How does the ocean quahog tell its own story?

Meet someone whose body tells his own life’s story that runs into centuries! The ocean quahog, a bivalve mollusc that can live more than 500 years, is the longest-lived solitary animal.

The shell of an ocean quahog is a treasure-house of information for scientists. Its shell grows periodically throughout life and the growth patterns visible on the shell function as a calendar. They help not only to tell the age of the animal, but also to know more about the marine environment in the past. For example, scientists would be able to tell from the shell of a quahog, how warm the seas were two centuries ago! The quahogs are the only surviving species of a family of similar claims that had lived during the Dinosaur era!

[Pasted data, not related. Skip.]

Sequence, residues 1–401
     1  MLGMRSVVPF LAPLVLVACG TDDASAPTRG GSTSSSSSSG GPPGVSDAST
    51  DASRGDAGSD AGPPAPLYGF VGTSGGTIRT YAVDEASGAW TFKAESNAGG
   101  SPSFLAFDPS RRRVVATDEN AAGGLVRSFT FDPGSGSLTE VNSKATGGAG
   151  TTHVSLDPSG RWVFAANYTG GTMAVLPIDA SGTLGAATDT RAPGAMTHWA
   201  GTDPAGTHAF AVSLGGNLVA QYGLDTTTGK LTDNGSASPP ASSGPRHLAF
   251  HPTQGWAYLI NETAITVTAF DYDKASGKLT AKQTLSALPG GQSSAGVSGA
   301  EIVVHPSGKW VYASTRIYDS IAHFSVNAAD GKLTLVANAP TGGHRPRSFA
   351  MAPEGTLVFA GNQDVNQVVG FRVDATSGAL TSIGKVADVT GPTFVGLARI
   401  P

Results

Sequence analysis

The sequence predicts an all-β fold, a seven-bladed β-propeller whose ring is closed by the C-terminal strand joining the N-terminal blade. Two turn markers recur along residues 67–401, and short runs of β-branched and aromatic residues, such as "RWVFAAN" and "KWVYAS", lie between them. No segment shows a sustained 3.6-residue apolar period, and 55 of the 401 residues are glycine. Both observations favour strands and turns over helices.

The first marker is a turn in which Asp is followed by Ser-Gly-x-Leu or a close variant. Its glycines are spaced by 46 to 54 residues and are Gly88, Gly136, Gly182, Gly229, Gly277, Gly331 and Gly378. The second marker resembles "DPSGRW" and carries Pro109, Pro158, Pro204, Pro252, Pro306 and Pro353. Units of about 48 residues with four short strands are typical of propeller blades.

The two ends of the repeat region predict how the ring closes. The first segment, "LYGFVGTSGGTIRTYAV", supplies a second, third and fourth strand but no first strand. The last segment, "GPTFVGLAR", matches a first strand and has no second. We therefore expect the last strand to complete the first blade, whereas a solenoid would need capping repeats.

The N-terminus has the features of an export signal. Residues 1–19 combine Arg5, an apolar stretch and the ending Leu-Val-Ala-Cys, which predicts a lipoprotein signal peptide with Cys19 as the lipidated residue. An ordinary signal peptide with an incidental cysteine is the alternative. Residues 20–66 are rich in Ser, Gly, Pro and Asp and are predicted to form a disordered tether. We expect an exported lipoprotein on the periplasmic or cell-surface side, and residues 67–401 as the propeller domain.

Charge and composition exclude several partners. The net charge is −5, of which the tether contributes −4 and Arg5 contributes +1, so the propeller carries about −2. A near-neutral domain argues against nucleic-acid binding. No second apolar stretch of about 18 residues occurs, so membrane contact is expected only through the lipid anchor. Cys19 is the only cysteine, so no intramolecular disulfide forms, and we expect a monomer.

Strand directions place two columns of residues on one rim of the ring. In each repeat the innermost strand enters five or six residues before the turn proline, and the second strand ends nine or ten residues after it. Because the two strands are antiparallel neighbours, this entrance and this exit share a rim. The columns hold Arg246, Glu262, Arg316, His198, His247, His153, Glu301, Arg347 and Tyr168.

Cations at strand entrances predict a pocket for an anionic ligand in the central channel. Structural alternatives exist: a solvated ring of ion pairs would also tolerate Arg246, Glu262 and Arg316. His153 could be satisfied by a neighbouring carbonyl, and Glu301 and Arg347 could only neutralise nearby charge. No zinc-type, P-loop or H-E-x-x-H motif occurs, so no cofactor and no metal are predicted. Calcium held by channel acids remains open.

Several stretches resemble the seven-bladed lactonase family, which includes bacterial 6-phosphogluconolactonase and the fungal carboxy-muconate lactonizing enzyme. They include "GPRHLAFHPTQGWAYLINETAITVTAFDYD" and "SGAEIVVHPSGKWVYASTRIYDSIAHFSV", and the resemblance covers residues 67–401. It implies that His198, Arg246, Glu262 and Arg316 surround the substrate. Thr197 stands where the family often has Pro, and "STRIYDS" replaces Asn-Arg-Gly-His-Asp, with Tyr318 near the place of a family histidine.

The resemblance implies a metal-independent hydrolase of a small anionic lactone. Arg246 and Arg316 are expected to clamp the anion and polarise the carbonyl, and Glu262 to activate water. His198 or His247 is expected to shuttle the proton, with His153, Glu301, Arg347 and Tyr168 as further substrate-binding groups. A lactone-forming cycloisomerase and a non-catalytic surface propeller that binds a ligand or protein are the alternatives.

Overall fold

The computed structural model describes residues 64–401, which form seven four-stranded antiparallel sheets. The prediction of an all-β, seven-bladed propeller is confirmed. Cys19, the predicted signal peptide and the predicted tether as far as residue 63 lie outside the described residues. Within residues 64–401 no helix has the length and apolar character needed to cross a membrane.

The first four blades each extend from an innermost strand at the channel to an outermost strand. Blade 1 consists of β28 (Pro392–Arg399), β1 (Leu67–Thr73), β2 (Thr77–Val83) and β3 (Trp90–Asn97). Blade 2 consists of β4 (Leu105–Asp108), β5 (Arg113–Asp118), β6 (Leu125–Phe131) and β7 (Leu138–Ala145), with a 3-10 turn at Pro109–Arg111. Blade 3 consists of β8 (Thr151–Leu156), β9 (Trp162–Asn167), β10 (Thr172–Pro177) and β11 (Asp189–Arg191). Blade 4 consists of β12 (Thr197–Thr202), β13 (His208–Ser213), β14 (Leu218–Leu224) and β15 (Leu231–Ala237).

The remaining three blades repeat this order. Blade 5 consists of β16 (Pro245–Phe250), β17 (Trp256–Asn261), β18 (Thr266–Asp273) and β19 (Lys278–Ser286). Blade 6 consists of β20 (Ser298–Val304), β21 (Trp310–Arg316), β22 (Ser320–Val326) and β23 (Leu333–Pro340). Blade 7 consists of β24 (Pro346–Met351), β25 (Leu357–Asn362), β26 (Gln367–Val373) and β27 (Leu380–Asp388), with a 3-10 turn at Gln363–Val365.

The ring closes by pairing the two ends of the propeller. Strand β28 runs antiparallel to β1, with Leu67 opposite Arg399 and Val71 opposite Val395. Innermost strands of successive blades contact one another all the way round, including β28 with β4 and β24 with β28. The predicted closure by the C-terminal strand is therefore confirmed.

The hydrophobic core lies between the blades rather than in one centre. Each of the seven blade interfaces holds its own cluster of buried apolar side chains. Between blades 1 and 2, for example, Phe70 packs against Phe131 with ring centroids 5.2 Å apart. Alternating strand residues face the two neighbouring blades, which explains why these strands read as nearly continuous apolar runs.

The ocean quahog (Arctica is landica) lives in the North Atlantic Ocean, buried in sandy sea beds. It feeds on the organic matter it gets by filtering water using its siphon. Interestingly, their feeding activity seems to depend on how much light is available! Thus, in the northern-most regions where they are found, they mostly feed during eight months of the year. During the remaining months, they feed for only a few days.

Picture Credit : Google 

Leave a Reply

Your email address will not be published. Required fields are marked *